1. Power. Rewiring the system and installing a new technical ground. Maybe even moving lighting and other nasties to a seperate set of circuits and a different technical ground.

2. Room. Shape, wall coverings, placement of gear. (speakers PROPERLY phase alligned) (projectors EXACTLY in the correct geometric location)

3. Cable/Signal Management. Power cables away (or crossing at 90 degrees) from Audio, excess wire chopped off or neatly coiled in an over/under (figure 8) method.

4. Wine being drunk at proper temp while enjoying system. I mean come on... a burgundy at 68 degrees... PLEASE!
post #16 of 17
Dizzman, thanks for the tip on the figure 8. This would definitely do the trick.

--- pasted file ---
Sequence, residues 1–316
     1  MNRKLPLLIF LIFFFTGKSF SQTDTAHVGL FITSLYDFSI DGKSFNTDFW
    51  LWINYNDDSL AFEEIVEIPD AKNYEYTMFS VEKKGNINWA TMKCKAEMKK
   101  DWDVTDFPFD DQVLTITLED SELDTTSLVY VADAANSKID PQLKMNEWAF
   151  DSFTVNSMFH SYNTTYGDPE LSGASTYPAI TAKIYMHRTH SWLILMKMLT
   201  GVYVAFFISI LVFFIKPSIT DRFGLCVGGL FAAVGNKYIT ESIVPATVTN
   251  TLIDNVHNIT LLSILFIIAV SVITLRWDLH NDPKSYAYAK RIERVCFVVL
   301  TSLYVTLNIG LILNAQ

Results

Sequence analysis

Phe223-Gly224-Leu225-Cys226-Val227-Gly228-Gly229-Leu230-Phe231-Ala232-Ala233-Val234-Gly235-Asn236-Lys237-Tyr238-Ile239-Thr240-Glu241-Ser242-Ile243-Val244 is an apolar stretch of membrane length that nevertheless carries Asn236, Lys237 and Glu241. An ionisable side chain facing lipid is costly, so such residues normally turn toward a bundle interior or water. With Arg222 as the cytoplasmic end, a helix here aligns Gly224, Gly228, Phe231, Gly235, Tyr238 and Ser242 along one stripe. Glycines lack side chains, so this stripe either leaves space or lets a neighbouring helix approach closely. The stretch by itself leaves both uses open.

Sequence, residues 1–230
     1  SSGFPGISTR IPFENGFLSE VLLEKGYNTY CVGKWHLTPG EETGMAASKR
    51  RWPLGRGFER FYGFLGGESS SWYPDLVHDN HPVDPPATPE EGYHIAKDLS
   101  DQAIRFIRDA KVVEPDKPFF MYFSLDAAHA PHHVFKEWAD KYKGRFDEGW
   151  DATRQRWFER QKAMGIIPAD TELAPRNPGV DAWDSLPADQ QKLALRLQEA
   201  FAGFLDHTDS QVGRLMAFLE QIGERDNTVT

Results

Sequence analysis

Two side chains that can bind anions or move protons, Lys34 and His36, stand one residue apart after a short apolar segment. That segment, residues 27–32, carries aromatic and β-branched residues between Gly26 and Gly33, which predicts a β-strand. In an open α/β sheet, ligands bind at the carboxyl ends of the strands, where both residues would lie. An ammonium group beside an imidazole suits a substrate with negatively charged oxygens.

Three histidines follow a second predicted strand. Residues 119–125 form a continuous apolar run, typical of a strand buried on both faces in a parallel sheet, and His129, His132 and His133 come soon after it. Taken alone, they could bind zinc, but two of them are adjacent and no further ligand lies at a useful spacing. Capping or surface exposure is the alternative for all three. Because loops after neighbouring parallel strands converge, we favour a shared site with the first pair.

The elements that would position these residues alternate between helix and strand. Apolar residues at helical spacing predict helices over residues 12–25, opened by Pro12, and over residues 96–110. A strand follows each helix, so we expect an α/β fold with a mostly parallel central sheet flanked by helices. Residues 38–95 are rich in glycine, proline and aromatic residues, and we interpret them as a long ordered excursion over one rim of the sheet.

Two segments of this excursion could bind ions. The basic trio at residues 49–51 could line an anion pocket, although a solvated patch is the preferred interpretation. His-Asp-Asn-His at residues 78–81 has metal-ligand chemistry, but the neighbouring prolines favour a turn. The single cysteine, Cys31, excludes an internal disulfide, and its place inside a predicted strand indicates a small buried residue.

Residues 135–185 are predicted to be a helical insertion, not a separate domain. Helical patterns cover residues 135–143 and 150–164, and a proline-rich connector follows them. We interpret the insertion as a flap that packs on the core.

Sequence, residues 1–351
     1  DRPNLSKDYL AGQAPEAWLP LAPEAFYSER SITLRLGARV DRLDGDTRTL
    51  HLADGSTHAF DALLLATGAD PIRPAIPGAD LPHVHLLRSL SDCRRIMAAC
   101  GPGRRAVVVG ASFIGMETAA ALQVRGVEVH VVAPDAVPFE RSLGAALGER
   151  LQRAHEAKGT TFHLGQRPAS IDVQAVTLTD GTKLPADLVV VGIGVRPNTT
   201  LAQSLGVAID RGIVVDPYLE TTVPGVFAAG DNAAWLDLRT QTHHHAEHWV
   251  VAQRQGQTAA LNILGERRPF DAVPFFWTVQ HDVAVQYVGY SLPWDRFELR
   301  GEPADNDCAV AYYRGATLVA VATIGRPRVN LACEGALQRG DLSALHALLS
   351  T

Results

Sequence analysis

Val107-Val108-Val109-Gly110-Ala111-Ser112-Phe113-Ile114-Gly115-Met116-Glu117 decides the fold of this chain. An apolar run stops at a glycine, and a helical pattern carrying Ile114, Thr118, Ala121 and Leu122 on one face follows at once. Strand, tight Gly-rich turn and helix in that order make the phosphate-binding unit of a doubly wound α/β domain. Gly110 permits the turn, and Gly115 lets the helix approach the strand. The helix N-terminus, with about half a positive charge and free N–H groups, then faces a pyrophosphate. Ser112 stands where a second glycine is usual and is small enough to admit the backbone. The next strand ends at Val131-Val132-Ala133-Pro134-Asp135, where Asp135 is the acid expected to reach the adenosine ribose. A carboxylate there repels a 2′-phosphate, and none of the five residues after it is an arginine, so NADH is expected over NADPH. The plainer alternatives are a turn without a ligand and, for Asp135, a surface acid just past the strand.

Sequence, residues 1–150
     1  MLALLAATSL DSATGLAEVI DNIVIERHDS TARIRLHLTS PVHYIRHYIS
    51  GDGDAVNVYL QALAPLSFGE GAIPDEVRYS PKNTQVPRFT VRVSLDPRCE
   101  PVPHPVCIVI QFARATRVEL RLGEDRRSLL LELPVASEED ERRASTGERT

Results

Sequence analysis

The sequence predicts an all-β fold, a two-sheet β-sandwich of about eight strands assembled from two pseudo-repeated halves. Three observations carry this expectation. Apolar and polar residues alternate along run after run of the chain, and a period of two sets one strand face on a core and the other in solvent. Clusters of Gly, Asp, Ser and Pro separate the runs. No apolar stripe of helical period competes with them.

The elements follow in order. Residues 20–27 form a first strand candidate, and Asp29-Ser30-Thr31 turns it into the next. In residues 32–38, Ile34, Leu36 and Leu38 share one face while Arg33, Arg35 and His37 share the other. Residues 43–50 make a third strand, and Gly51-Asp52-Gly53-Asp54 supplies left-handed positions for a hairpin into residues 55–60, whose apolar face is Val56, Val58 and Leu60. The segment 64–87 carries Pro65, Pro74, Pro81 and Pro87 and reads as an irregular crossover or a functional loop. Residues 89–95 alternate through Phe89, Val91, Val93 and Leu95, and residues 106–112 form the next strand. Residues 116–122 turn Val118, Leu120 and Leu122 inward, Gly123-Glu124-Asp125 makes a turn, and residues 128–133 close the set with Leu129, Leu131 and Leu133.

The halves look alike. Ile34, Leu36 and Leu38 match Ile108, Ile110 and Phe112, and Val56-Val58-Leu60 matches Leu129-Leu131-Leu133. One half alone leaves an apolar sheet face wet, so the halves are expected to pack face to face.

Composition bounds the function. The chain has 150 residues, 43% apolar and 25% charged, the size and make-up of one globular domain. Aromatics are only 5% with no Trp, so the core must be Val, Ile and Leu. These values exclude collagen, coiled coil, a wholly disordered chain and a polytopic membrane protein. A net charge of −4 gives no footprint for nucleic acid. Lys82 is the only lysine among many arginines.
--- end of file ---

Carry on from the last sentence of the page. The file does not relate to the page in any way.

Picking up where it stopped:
I also agree with all of your other points. Especially 2. Proper room treatment can yield tremendous improvements.
post #17 of 17
Quote:
From this standpoint XLR interconnects are vastly superior than RCA. Not because the cabling itself is so much more superior but because RCA interconnects use single-ended drivers vs the differential drivers for XLR connections.
Yep. It should be mentioned that not all components with XLR jacks use differential drivers. Some use a cheap work-around (like a passive converter you'd get at Radio Shack). Make sure your component has differential drivers (or is fully differential) to get the benefit from XLR cabling.
New Posts  All Forums:Forum Nav:
  Return Home
  Back to Forum: Ultra Hi-End HT Gear ($20,000+)
This thread is locked  
AVS › AVS Forum › Display Devices › Ultra Hi-End HT Gear ($20,000+) › Different lengths XLR cables…